‘The greatest wildlife spectacle’
The great migration of wildebeests and zebra on the Mara-Serengeti ecosystem is a natural phenomenon that involves a mass movement of upto two million animals from Serengeti in Tanzania into Kenya. This annual event which is undoubtedly one of the last great animal spectacles
on earth is slowly facing uncertainty, due a couple of factors; the global warming which has resulted in climate change is leading to a confusion in the traditional migratory circle coupled with the change in land use.
The migration got a different status recently as a result of the official declaration of the great wildebeests migration as one of the Seven
Wonders of the World. The new ‘Seventh Wonder’ recognition of the great migration is now a boost to tourism in the region. A higher percentage of the migratory animals come from the Serengeti plains of Tanzania. Only about 10% of the population of these migratory animals lives in Kenya; these are the Aitong and Loita populations. The rest are from the Serengeti. There are about 2 million animals participating in the great migration with wildebeests alone being about 1.5 million, 200,000 zebras, 0.5 million gazelles, about 60,000 Topi, 12,000 elands, thousands of vultures and a myriad of flies following and breeding among them.
The Mara and south Serengeti initially had different rain patterns which are believed to have been the main trigger of this whole migration. Southern Serengeti traditionally receives rain in March-April and October whereas the Mara is April-May and August. These differences have been the main driving factor of the migration. The other factor which is now considered a cause in the dwindling of the numbers of these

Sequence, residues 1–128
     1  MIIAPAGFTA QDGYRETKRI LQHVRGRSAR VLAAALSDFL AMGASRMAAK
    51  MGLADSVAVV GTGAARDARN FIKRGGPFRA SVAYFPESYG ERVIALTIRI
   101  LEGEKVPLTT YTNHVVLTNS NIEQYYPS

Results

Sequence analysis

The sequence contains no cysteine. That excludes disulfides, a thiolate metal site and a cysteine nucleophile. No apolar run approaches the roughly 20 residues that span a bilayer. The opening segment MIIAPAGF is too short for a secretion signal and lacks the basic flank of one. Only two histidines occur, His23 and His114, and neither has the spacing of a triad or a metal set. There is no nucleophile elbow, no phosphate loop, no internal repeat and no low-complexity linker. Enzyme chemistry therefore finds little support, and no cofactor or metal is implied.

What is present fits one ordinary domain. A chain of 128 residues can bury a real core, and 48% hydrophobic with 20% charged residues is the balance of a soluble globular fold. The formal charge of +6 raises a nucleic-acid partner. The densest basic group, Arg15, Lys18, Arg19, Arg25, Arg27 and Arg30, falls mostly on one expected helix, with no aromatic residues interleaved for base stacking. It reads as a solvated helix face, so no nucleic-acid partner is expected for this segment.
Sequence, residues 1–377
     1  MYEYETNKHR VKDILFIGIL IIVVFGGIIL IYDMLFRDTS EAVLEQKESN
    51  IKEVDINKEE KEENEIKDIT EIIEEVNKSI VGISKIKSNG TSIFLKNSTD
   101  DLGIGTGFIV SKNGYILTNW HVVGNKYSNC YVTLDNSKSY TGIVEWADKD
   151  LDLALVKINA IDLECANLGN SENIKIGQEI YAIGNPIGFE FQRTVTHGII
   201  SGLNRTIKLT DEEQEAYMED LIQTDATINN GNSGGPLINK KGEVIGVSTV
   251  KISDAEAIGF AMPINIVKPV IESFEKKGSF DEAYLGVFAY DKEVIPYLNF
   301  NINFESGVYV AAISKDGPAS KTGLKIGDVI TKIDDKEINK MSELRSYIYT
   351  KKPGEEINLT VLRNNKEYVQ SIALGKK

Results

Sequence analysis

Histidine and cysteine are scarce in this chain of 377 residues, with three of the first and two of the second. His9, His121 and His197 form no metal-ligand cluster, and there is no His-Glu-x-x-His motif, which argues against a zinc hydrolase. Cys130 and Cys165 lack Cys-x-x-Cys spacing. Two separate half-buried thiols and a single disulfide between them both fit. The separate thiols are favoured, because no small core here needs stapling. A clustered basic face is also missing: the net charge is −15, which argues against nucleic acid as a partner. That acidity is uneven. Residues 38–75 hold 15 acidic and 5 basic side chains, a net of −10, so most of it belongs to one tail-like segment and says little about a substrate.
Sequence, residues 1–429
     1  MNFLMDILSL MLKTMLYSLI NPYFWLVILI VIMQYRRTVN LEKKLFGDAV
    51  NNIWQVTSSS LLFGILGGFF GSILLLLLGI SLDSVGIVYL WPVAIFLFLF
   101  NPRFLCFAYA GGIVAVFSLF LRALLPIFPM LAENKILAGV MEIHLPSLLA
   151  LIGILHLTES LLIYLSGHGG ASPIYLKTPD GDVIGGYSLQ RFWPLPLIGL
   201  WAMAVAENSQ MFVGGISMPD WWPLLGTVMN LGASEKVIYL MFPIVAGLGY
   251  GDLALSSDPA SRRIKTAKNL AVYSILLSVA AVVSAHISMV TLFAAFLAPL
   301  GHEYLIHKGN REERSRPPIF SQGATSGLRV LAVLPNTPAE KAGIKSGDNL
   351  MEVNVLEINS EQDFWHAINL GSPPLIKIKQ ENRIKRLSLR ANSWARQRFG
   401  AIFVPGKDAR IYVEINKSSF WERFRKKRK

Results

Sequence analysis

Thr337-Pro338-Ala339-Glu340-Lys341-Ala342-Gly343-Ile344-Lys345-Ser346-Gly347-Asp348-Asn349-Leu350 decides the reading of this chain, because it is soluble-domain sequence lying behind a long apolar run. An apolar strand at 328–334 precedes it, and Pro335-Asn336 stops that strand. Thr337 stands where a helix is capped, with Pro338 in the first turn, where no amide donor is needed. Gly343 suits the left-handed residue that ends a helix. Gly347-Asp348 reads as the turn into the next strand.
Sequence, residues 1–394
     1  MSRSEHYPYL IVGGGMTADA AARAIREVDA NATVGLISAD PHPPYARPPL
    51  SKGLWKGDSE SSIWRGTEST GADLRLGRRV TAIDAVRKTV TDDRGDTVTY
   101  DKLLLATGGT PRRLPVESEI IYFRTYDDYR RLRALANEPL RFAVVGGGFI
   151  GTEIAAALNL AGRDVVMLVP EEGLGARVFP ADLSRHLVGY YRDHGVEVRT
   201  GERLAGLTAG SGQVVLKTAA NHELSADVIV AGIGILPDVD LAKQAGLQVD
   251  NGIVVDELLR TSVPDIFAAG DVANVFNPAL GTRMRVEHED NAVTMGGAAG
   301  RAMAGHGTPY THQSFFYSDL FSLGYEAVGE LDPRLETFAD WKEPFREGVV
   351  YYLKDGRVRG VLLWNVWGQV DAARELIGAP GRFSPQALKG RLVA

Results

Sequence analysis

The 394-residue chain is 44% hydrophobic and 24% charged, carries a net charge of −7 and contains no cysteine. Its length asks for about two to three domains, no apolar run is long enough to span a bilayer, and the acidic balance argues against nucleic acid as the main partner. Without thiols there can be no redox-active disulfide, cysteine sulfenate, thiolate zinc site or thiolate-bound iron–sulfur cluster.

animals is the change in the land use in areas bordering the two game reserves, and which initially formed part of the game dispersal areas. These two factors have seen the population of the animals drop over the last 25 years. Proper policies must be drawn by the governments of the two countries to address the land use change and illegal hunting of these animals if we have to keep this event going on into the future.
The Kenyan resident herds of wildebeests comprising of the Aitong and Loita population on the other hand are about 100,000 animals – Wildebeests and zebras dominating. This number used to be higher, but the increase in human population in the game dispersal areas together with the change in the land use has led to a decrease in the number of wildebeest and zebras that formed this resident migratory herd.
The movement of this small migratory herd from the Aitong and Loita plains into the Mara, usually corresponds with the arrival of the main migration from the Serengeti. The two herds converge mostly on the south Mara triangle around mid to late July or early August.
You can view the migration patterns within Masai Mara game reserve for the last 7 years on ATTA blog which I have been submitting at http://www.atta.co.uk/heritage
Current location of teh migrating herds -December 2011